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US unemployment rate dropped to 4.8%, pace of job creation a major concern

The US economy, in September, added jobs at a far slower rate than predicted. A worrying warning for the US economy’s future, even if the total was held back somewhat by a dramatic decline in government employment. The Labor Department, on October 8, said that nonfarm payrolls increased by only 194,000 in the month, compared to a Dow Jones projection of 5,00,000. The unemployment rate dropped to 4.8 percent, beating expectations of 5.1 percent and reaching its lowest level since February 2020.

The headline figure was dragged down by a 1,23,000 drop in government payrolls, while private payrolls rose by 3,17,000. The unemployment rate fell while the labor force participation rate fell, indicating that more people who were laid off during the Covid-19 outbreak have gone back to work. A broader measure, which encompasses the so-called discouraged workers and those working part-time for financial reasons, fell to 8.5 percent, a pandemic-era low.

“This is a very disappointing study,” said Nick Bunker, Economic Research Director at Indeed. “For the labor market, this year has been a year of false dawns. Although there is a high need for labor and millions of individuals wish to return to work, job growth has yet to gain traction”.

Notwithstanding, the markets was largely not reactive to the news. Despite the low number of jobs, earnings climbed dramatically. As employers used salary hikes to offset the continuing labor shortage, the monthly gain of 0.6 percent pushed the year-over-year increase to 4.6 percent.

In September, the available workforce fell by 1,83,000, falling 3.1 million short of where it was in February 2020, shortly before the epidemic was proclaimed. “Labor shortages are constantly putting considerable upward pressure on wages at a time when the return of low-wage leisure and hospitality employees should be reducing the average,” said Andrew Hunter, senior US economist at Capital Economics.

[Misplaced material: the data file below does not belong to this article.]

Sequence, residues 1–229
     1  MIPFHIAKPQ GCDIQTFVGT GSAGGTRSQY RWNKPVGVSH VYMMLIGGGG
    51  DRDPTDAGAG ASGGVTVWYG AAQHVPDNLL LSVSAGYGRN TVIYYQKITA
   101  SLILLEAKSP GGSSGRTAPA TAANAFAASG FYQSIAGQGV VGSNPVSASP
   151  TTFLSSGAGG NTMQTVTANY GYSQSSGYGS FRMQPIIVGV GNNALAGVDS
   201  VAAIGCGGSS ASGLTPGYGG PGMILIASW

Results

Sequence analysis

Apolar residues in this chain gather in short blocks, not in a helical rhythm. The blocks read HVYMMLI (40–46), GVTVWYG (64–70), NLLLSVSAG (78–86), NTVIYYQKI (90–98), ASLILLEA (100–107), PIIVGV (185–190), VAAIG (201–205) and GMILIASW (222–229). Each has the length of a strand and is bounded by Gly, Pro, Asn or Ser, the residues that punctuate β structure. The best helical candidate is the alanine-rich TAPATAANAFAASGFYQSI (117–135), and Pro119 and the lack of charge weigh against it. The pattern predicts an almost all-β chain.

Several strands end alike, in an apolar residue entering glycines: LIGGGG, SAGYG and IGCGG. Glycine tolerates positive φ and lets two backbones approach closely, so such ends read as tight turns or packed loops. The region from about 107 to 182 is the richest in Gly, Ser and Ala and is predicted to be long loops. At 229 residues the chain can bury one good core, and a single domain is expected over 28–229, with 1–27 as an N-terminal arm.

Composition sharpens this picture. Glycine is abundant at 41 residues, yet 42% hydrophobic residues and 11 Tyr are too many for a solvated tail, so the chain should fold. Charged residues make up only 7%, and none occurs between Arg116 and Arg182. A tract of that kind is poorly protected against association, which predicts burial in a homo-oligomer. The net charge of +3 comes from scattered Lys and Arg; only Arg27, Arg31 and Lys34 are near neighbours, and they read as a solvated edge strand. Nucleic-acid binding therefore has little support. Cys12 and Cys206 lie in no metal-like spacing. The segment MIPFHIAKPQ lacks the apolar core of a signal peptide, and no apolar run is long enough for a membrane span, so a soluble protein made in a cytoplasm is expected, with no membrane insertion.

The leisure and hospitality sector dominated job creation once again, adding 74,000 posts as the jobless rate fell to 7.7% from 9.1%. 60,000 people worked in professional and commercial services, while 56,000 people worked in retail. Transportation and warehousing (47,000 jobs), information (32,000 jobs), social assistance (30,000 jobs), manufacturing (26,000 jobs), construction (22,000 jobs), and wholesale commerce (22,000 jobs) all saw job growth (17,000 jobs).

According to Gus Faucher, Chief Economist at PNC, local government education jobs declined by 1,44,000, which could be attributable to seasonal adjustments in the numbers. Unemployment among Blacks declined to 7.9% from 8.8%, owing mostly to a drop in the labor force participation rate for men to 66% from 66.7 percent. 

In Friday’s report from previous months, there has been some positive news. July’s already-strong growth was bumped up by 38,000 to 1.0913 million, while August’s significant drop was modified up to 3,66,000 from 2,35,000 reported earlier. The employment-to-population ratio rose to 58.7%, the highest level since March 2020. The findings come at a key juncture for the US economy, with recent figures indicating strong consumer expenditure amidst rising prices, industrial and service sector growth, and growing housing expenses

Officials from the Federal Reserve are keeping a tight eye on the job market because inflation has reached and exceeded the Fed’s two percent target, the central bank has recently suggested that it is ready to begin withdrawing some of the unprecedented assistance it provided during the pandemic crisis. Officials, on the other hand, have stated that the labor market is still far from full employment, which is required for interest rate hikes. According to current market expectations, the first-rate hike will most likely occur in November 2022.

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